PR Week, John Harrington

Gorkana held a media briefing with John Harrington, deputy editor and acting news editor of PR Week, on 9 September.

PR Week is a monthly trade magazine that publishes news, analysis and features for and about the PR industry.

“You could be writing about Kit Kats, refugees, cars or NASA”. Reporting on PR, creating agenda-setting issues and avoiding the trap of “chin-stroking, naval-gazing” trade media, were some of the topics covered by John Harrington.

Since joining PR Week in October last year, John Harrington has had plenty to do. Brought in as deputy editor, he’s had stints as acting editor and acting news editor, which is why he quips that over the last year he’s spent “most of his time doing other things”.

On top of this, he’s responsible for PR Week’s many projects, which include the upcoming ‘UK Powerbook’ (outlining the biggest players in the industry), ‘Best Places to Work’, and ‘30 under 30’.

As a relative newcomer to the PR industry, he’s noticed some similarities between this environment and his last role at publican media title M&C Report, notably “alcohol and eating out”.

However there are plenty of opportunities for the comms community to feed into the title. Here are four essential things that Harrington covered in the briefing with Gorkana’s head of news and content, Philip Smith, including what you should know about the magazine, the content that interests its readership and the best places to pitch in:

Owning the issue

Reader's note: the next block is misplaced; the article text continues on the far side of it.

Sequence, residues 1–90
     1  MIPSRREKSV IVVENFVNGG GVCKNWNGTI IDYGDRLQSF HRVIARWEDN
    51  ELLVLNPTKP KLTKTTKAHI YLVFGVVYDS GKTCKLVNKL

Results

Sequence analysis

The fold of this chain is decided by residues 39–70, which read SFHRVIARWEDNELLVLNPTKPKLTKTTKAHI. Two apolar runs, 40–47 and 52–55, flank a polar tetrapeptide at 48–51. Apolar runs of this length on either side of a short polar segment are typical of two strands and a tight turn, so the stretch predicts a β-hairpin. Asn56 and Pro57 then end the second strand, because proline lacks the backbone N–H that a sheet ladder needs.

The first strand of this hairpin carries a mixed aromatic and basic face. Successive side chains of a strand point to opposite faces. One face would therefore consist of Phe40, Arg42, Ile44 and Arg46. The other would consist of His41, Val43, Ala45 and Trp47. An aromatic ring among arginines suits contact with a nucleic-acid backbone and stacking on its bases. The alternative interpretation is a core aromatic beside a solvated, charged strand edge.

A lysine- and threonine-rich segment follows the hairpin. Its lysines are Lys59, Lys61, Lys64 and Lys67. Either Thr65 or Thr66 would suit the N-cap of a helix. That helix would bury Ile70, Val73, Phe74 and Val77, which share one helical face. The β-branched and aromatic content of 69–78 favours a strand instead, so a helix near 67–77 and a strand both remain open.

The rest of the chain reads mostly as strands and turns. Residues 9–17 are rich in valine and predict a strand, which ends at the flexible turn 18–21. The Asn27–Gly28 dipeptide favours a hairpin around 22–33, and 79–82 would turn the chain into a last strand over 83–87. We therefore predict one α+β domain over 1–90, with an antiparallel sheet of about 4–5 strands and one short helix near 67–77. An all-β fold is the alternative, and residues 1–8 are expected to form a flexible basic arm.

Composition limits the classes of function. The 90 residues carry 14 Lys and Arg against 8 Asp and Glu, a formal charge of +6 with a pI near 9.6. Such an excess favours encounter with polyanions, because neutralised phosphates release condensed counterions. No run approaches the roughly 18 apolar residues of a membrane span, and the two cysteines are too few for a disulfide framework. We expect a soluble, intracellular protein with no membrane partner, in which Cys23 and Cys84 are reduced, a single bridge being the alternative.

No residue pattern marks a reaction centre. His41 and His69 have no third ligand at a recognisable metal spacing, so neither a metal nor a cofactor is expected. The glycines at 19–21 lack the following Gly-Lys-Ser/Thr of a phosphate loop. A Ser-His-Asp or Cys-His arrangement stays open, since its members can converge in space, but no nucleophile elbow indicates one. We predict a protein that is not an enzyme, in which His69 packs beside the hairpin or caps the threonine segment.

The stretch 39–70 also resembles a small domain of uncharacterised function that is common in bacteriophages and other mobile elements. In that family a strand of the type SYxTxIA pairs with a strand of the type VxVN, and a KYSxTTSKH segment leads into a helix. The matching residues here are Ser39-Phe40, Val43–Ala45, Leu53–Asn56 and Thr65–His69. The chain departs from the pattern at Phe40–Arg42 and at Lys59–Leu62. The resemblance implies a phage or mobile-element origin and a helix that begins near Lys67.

“We want to set the agenda for the industry”, he explained. “We could copy and paste account wins and people news and we’d have enough stories and nice pictures so it wouldn’t look embarrassing. But people expect more from us so it’s important we own certain issues.” Harrington insists that research, comments and analysis, produced on top of “bread and butter industry news”, sets the title apart, and that content for these features has to be exclusive.

The latest issue sees the launch of the ‘Five campaigns we like this month’ feature, which will run in addition to the more stats-heavy ‘Showcase’. Harrington suggests the PRs “could be better” with their own PR, and explains that these features are the place to “drill down” into results of PR work which consequently “gives readers advice on how they do what they do better”.

Size of budget isn’t an indicator of newsworthiness

The outlet isn’t swayed by the size of a PR’s budget, and it’s more important that “you have stats that show it’s a successful campaign”. He explains, “If it’s an effective campaign, it’s an effective campaign”. Creativity trumps all, and some of the “most striking campaigns recently have been done without a huge budget.”

“Our online readership is perhaps a bit younger than you might think. Our biggest single age category is 18-34. There have probably been stories in the past that are a bit more corporate level but we need to represent the changing demographics of the magazine, and I think we’re starting to do that.” As with other Haymarket titles, PR Week is digital first, which means the title produces content that appeals to the breadth of its readership.

Helen Smith, senior PR officer at the Natural History Museum, was in the audience: “It gave a fascinating and rare insight into the foundations of a successful PR campaign.”

Kate Mistin, account executive at You Agency, added: “It is great to be able to see these people in person. Hearing from John today about how the publication really does want to hear from PRs is the best thing.”

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